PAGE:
Summary: Determinant Versus Permanent
Abstract. We study the problem of expressing permanent of matrices as determinant
of (possibly larger) matrices. This problem has close connections with complexity of
arithmetic computations: complexities of computing permanent and determinant roughly
correspond to arithmetic versions of the classes NP and P respectively. We survey known
results about their relative complexity and describe two recently developed approaches
that might lead to a proof of the conjecture that permanent can only be expressed as
determinant of exponential-sized matrices.
Mathematics Subject Classification (2000). Primary 68Q17; Secondary 68W30.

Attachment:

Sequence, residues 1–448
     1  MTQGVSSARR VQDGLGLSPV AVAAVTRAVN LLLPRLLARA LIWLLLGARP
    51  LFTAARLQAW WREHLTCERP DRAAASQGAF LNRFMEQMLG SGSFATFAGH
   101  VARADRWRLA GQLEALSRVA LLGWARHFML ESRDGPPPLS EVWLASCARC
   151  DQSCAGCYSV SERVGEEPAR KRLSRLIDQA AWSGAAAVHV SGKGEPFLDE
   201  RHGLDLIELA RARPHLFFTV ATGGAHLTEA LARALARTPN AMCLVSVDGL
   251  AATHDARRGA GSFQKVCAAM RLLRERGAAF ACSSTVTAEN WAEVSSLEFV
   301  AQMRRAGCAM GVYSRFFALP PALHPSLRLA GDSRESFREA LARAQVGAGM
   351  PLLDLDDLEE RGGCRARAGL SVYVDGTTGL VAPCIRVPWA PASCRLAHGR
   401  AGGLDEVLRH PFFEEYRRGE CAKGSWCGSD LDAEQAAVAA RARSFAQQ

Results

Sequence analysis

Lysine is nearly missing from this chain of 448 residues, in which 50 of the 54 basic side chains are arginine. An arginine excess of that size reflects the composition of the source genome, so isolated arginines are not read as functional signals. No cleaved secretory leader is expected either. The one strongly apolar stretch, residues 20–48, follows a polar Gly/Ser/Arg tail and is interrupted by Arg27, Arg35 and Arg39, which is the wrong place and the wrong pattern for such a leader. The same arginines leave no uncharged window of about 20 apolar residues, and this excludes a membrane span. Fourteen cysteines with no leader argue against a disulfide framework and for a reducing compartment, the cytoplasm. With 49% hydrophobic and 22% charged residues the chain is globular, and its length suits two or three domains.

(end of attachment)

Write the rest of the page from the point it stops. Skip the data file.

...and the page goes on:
Keywords. Arithmetic computation, complexity classes, determinant, permanent.
Determinant of square matrices plays a fundamental role in linear algebra. It
is a linear function on rows (and columns) of the matrix, and has several nice
interpretations. Geometrically, it is the volume of the parallelopied defined by rows
(or columns) of the matrix, and algebraically, it is the product of all eigenvalues,
with multiplicity, of the matrix. It also satisfies a number of other interesting
properties, e.g., it is multiplicative, invariant under linear combinations of rows
(and columns) etc. Permanent of a square matrix is a number that is defined in a
way similar to the determinant. For matrix X = [xi,j]1i,jn,